Meanwhile, the median wage continued to drop, adjusted for inflation.
What’s less well-known is that you and I and other taxpayers are subsidizing this sky-high executive compensation. That’s because corporations deduct it from their income taxes, causing the rest of us to pay more in taxes to make up the difference.
This tax subsidy to corporate executives from the rest of us ought to be one of the first tax expenditures to go, when and if congress turns to reforming the tax code.
We almost got there 20 years ago. When he was campaigning for the presidency, Bill Clinton promised that if elected he’d end the deductibility of executive pay in excess of $1 million.
Once in office, though, his economic advisers urged him to modify his pledge to allow corporations to deduct executive pay in excess of $1 million if the pay was linked to corporate performance – that is,
The SEC is dragging its feet implementing a section of the Dodd-Frank reform that would require publicly traded companies to calculate the ratio between the CEO’s pay and that of the firm’s median pay package. The New York Times editorial board urges them to push forward.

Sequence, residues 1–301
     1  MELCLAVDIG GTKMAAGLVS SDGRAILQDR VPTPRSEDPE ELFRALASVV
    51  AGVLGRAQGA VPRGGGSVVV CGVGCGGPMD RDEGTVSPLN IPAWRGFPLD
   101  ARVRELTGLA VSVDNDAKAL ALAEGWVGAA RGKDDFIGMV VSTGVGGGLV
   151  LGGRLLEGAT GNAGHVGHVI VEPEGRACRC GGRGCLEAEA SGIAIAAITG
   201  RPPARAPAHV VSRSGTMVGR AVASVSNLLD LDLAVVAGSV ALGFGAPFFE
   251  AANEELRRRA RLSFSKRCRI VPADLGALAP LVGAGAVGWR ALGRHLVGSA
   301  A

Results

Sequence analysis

Corporate lobbyists say it’s too complicated to figure out the math. They figured out how to create uber-complex financial products that untangled the global economy, but aren’t able to divide the CEO’s earnings (they must know) by the median employee pay?
Of course, the real reason they oppose the law is that they don’t want to add fire to the public debate about excessive CEO salaries – certainly while the rest of America struggles to pay bills, put kids through college and afford mortgage payments. Obscurity, not transparency, benefits the privileged.
Their opposition to useful information for investors and consumers is a replay of earlier legislative battles.